The Invisible Brake

I am sure that as every teenager passes into that realm of being a responsible adult by learning how to drive every last one of us….we have driven with our parents.

I am unsure if when a father teaches his daughter or son that the same things occur when a mother teaches the same children to drive. I will actually never know. My mom taught me how to drive. Kinda. I mean, because of her, I learned how to drive a standard. The rest of it, I learned in an automatic. Most cars I drove were automatics because well my mom did not trust me enough to let me drive her car.

When I was 14 we took a trip down to Texas. My mom allowed me to sit in the driver’s seat in a McDonald’s parking lot and practice shifting gears. Totally awesome right. I am one of those summer babies. So while all my friends hit their landmarks in school, I hit them all before the next school year started. (Try being the only 17 year old in your group of friends graduating, sober, boring and watching everyone else have a grand time) PSA Drinking does not lead one to have a good time. But in moderation and with good friends, it can enliven an evening and make for good memories.

So while all my friends were getting their driver’s license’s I was held back by my age restraint. And than the fact that the first time I went for my driver’s test, my brake lights did not work, second time I failed everything but the parallel parking aspect and third time is the charm. Got my license.

Alright, I have my license. Hey I even had a job. I was well on my way to becoming a responsible and active adult member of society. But mom, well mom had some issues.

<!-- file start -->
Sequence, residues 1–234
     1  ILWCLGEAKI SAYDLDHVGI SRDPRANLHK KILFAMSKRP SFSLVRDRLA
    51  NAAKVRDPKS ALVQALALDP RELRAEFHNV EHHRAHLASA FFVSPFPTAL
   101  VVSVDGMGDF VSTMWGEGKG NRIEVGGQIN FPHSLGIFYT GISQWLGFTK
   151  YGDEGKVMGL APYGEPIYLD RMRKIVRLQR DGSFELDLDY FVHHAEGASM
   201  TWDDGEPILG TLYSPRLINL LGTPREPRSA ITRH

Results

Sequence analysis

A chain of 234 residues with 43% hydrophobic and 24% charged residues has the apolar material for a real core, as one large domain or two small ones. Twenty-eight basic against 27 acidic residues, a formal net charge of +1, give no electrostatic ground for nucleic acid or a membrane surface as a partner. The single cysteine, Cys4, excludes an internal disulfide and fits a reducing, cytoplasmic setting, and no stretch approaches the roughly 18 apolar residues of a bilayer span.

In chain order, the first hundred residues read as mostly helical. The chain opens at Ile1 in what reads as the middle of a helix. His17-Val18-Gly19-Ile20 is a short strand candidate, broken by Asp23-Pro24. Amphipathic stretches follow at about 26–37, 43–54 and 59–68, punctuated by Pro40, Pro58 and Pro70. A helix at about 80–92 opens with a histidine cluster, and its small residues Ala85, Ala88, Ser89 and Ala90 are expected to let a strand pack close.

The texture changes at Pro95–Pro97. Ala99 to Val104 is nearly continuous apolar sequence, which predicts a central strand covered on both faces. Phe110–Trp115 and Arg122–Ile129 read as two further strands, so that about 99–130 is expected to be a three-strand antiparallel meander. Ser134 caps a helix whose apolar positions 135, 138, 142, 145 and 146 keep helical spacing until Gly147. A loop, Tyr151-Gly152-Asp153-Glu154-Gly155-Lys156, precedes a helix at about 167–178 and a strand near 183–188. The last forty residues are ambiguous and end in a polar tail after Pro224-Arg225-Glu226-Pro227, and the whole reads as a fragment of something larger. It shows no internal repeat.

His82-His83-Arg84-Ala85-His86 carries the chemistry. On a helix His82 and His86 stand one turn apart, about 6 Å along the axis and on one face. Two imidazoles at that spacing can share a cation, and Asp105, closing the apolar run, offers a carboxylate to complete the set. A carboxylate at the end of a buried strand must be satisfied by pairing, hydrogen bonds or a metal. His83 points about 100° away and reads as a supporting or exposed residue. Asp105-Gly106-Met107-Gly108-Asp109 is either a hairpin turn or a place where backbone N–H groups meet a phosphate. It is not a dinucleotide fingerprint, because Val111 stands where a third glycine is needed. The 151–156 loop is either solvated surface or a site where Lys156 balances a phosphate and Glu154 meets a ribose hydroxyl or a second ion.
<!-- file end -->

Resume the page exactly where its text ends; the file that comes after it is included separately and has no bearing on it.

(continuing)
The first time we drove together after I got my beginner’s was in the Kmart parking lot near our home. There was a lot of shouting. It was a Sunday. (This was before Sunday shopping was a thing, so the parking lot was empty.) I stalled a lot. Do you know, that really to shift gears is so easy, 20, 40, 60 and 80 and 100. Learned that from a boyfriend. Prob only good thing cause I don’t recall his name.

Mom yelled. I slammed on brakes. A lot. Not the invisible one. The real one. I stalled. She drove home.

Which leads me to this recollection.

One Friday evening mom is going out with the girl friends. I am going to babysit for one of them. Mom decides that I should drive from one end of the city to the other. Back in my day it would take about 1/2 hour to 45 minutes depending on how I hit the lights. Today, it would take us close to an hour and a half.

Hyundai Pony. A blondish gold color. Very basic. Had the radio on to my station. Yes, mom allowed me to have my radio station on. She sat in the passenger seat which underneath the glove box had a shelf that held the interior warmer. This is an item that you have when you live in Manitoba.  One plugs it in along side their regular block heater. This one though kinds takes the chill outta getting into a car in -40 degree celsisus weather.